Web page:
Opinion | The little boys win you over on the payday loan
Since the Federal Consumer Financial Protection Bureau opened in 2011, the agency’s investigation and enforcement efforts have repaid more than $ 12 billion to car buyers, homeowners, credit card holders, and other borrowers victimized by fraudulent or predatory practices. Consumers who have gotten into debt from the infamous payday loan industry are now getting extra help from the office with a rule imposed this month.
These lenders advertise as “easy” the short term loans that are due in two weeks. The borrower typically issues a postdated check for the full balance – including fees – or allows the lender to electronically withdraw funds from their checking account. Borrowers often take out another loan to pay off the first and get caught in a cycle of increasing debt.
The office took place in a Study 2014 Of around 12 million payday loans that only 15 percent of borrowers could repay the total debt within two weeks without having to borrow again. Almost two-thirds of borrowers renewed their loans – some more than ten times – and paid heavy fees that further deteriorated their financial standing. Strikingly, the bureau found that most people pay more fees than they originally borrowed.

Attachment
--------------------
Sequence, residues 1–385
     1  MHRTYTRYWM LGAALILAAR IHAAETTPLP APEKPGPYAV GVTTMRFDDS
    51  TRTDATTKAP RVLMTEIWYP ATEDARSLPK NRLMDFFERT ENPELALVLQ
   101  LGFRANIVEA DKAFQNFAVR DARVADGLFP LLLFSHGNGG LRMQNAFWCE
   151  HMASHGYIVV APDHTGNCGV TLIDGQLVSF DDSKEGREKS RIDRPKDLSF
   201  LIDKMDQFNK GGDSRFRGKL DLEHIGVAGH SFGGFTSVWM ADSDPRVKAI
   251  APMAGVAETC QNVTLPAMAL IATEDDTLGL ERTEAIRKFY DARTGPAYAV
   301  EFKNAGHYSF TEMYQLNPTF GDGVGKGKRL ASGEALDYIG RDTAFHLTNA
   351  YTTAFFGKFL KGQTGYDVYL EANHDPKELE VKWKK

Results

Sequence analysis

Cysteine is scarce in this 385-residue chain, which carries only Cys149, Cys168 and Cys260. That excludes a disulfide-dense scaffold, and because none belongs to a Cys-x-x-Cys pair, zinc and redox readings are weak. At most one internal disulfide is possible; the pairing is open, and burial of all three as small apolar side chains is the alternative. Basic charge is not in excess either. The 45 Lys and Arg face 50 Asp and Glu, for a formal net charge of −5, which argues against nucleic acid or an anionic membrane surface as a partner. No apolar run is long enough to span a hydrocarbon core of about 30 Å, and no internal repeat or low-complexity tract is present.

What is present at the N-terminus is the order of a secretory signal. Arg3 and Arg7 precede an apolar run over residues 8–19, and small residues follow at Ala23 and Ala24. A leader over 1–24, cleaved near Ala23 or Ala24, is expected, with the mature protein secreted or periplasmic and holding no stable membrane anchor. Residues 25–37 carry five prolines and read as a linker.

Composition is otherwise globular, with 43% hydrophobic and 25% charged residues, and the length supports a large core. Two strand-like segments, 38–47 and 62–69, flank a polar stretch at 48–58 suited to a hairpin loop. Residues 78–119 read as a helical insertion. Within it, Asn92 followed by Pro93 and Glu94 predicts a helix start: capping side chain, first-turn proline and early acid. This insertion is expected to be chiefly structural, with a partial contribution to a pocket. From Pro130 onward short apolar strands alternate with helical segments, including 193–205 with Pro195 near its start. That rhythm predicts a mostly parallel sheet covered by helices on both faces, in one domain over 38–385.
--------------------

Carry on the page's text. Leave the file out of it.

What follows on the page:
The new rule limits how often and how much customers can borrow. And lenders need to take the sensible approach to underwriting and determine if the borrower can pay the entire loan and still cover the cost of living.
Borrowers can take out a short-term loan of up to $ 500 without this test, provided that it is structured so that they do not automatically get back into borrowing. The rule also limits the number of times the lender can charge the borrower’s account so that borrowers can contest erroneous withdrawals.
The office is prohibited by law from setting interest rates. But the new regulation makes it clear that state usury laws – already on the books in 15 states – are the most effective way to end debt trap exploitation. The only weakness of the new regulation is that it is immensely complicated, which means that industry inevitably finds loopholes that it can exploit.
The payday industry is screaming as expected, arguing that the new restrictions will dry up credit in some areas. The truth is, payday loans go on with lower profit margins – without the debt trap. In addition, small banks and credit unions are beginning to realize that they can make money in the small loan business without any predatory tactics.
Industry leaders in the payday industry are calling on Congress to rule by the Congressional Review Actwith which the legislature can repeal regulations within 60 legislative days. But at-risk lawmakers will be reluctant to vote for predatory lending tactics that drive people into poverty.
The Trump administration could undermine the rules after the director of the office, Richard Cordray, resigns or when his term ends next summer. Consumer advocates must remain vigilant about this possibility.